3 Misunderstandings About Wood As A Building Or Manufacturing Product

Posted on: 2 August 2018

For a really long time, wood was the traditional building and manufacturing product because it was available pretty much everywhere, inexpensive, and easy to manipulate. As modern materials came to fruition, like plastics and metals, a lot of manufacturers shied away from using wood as much or as often if it could be avoided. Even though utilizing wood building materials is often thought of something with a negative tone, there really is nothing wrong with using this natural resource. Here is a look at some of the common misunderstandings about wood as a building or manufacturing product. 

Wood is actually stronger than steel in some ways. 

Put a piece of wood and piece of steel side by side and ask anyone you want to choose the strongest material. The chances are, they are going to pick up the piece of steel every time. It is a common misunderstanding that steel is always stronger than wood, but that is simply not the full truth. Wood actually supports its own weight better than steel, which comes as a surprise to some who even have professional or industry experience. In other words, if you were to stack a bunch of steel on top of other pieces of steel, those bottom pieces would have a hard time supporting the heft when wood would not under the same circumstances.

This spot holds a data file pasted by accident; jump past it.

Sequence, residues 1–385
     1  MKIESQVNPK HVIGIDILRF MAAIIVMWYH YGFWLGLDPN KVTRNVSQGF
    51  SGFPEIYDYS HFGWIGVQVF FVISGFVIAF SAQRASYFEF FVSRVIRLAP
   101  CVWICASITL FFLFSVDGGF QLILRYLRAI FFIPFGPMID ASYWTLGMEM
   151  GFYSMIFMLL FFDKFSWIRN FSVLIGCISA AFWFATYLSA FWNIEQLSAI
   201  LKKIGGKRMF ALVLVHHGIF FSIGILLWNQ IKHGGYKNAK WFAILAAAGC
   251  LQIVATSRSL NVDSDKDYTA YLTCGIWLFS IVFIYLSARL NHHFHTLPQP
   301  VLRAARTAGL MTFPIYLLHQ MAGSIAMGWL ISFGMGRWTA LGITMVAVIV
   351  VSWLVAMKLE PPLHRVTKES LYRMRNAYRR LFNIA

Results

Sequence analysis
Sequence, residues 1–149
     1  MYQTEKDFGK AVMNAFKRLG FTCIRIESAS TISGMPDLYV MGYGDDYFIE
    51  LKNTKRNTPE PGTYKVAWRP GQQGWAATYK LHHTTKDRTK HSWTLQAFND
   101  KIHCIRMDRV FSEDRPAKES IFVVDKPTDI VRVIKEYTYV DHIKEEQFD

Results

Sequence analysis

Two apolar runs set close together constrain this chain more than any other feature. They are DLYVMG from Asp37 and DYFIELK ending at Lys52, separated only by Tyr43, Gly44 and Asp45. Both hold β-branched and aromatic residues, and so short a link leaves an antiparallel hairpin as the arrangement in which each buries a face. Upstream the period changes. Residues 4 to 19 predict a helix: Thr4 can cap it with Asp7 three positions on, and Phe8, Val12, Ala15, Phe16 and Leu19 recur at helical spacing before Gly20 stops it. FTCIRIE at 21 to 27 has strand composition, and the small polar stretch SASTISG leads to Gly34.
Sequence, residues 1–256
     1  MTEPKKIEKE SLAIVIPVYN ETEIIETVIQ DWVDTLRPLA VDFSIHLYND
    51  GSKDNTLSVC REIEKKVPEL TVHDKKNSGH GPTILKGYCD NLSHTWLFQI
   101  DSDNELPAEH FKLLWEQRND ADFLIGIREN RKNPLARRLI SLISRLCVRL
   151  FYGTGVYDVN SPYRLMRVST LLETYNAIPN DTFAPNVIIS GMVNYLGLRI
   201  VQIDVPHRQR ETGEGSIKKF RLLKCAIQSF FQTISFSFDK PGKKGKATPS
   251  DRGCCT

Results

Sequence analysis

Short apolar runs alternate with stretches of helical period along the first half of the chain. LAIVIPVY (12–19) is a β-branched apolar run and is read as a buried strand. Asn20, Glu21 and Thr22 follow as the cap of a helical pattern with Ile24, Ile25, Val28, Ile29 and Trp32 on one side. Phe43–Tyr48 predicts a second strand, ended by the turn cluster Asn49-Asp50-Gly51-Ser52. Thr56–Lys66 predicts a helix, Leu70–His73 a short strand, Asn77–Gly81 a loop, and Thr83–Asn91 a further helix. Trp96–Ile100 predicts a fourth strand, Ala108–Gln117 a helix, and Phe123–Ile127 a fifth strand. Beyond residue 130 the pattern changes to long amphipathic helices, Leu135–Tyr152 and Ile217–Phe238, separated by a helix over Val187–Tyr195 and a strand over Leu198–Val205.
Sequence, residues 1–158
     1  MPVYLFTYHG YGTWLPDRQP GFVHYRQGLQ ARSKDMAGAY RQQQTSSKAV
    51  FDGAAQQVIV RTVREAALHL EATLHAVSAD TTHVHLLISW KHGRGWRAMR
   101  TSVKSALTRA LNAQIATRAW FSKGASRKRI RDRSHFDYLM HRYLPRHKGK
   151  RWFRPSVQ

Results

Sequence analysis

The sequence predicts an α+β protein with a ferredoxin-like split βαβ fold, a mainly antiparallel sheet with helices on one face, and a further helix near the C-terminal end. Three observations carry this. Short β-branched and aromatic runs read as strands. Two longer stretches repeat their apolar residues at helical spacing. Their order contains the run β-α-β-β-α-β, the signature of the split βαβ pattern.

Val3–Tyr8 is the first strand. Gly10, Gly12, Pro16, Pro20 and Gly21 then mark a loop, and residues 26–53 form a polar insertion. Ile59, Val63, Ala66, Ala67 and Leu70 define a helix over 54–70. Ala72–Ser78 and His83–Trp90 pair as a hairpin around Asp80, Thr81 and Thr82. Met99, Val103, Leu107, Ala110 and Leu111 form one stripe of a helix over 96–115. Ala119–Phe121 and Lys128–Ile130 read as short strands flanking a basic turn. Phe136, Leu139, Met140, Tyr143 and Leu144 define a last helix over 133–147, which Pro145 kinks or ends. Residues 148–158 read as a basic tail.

Wood does not conduct electricity when properly treated. 

Pretty much everyone has witnessed lightning striking a tree at some point in their life, which leads to the allusion that wood does in fact conduct electricity. While this may be true of wood in its natural state as a tree, this is not true with properly treated lumber pieces. The thing that is conducive in a tree is not actually the wood but the moisture inside of its fibers. When tree pieces are cut, dried, and treated to make lumber, that conducive moisture is eliminated. 

Wood is actually environmentally friendly in a lot of ways. 

People oftentimes think if you use wood, you are doing much more harm to the environment because of the trees that were harvested to gain that wood, but this isn't true either. Wood is actually one of the few renewable materials because trees can be planted over and over. Plus, when wood reaches the end of its usage cycle, it can be recycled into engineered wood products or returned to the environment where it will naturally deteriorate. 

Contact a supplier, like Hillside Lumber, for more help.